The Constitution does not guarantee the right to vote to anyone.
On Sunday, April 15, 1990, TV history was made with the debut of the sketch comedy show “In Living Color.”
It was raw. It was offensive. It was hilarious.
But most of all, it was unapologetically black.
“There had been black sketch shows before In Living Color, including the short-lived but influential Richard Pryor Show more than a decade earlier. That this was the first one that found an audience said as much about that audience as it did about the show. The culture was changing. For more than fifty years, black life on screens big and small had looked even more demeaning than it did in the real world. Stereotypes were indulged. The Civil Rights Movement came and went without too many substantive changes in front of or behind the camera. There has been important breakthroughs — Bill Cosby, Flip Wilson, Redd Foxx, Richard Pryor — but the march of progress was exceedingly, agonizingly slow.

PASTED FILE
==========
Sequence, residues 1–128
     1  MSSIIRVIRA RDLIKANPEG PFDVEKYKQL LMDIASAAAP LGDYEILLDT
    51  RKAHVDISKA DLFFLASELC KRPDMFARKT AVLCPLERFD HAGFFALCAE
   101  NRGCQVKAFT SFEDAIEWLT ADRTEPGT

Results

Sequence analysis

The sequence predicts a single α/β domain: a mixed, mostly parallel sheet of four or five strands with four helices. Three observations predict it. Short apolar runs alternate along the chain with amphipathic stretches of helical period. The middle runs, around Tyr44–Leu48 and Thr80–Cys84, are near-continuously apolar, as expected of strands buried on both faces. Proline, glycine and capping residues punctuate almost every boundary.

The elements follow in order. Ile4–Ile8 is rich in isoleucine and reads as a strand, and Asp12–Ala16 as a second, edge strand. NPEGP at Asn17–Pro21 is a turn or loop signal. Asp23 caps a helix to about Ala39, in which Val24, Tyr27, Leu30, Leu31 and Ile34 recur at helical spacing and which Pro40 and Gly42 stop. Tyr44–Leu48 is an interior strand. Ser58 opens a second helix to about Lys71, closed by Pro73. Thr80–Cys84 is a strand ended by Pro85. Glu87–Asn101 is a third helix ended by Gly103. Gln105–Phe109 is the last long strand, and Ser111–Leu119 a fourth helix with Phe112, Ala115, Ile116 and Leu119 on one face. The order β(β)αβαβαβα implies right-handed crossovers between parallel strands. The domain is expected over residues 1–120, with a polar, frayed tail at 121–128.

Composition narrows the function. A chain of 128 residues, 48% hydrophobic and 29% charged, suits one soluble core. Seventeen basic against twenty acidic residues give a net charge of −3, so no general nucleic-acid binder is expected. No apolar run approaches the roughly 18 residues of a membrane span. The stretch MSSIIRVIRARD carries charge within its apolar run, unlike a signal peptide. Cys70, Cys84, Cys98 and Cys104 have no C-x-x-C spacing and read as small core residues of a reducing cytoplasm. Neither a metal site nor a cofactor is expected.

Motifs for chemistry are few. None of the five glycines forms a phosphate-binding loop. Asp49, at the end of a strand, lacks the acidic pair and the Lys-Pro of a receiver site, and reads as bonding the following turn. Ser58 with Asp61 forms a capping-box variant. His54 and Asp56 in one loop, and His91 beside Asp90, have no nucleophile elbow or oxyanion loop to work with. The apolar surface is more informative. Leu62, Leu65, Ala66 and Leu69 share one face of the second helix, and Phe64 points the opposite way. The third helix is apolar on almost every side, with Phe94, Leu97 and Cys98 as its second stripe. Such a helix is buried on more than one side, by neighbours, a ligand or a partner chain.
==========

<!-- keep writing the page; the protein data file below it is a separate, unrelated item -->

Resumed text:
Until suddenly, it wasn’t.”
—An excerpt from the preface of “Homey Don’t Play That: The Story of In Living Color And The Black Comedy Revolution”
“In Living Color” helped launch several Hollywood careers (Jennifer Lopez was a Fly Girl for two seasons; Larry Wilmore and Colin Quinn were writers) and made household names of comedians like Jamie Foxx, Damon Wayans and Jim Carrey. It was also one of the earliest programs to showcase hip-hop in a primetime TV slot.
We look at how the show’s cultural influence has endured long after its five-season run on Fox and ask: Could a show like “In Living Color” be made — and succeed — today?
Most Recent Shows
A new film by Netflix celebrates the Quincy Jones's prolific career. One of its directors? His daughter, Rashida Jones.
How does the case of Christine Blasey Ford compare with that of Anita Hill? Will the outcome be different?
The activist and human rights advocate changed American tennis.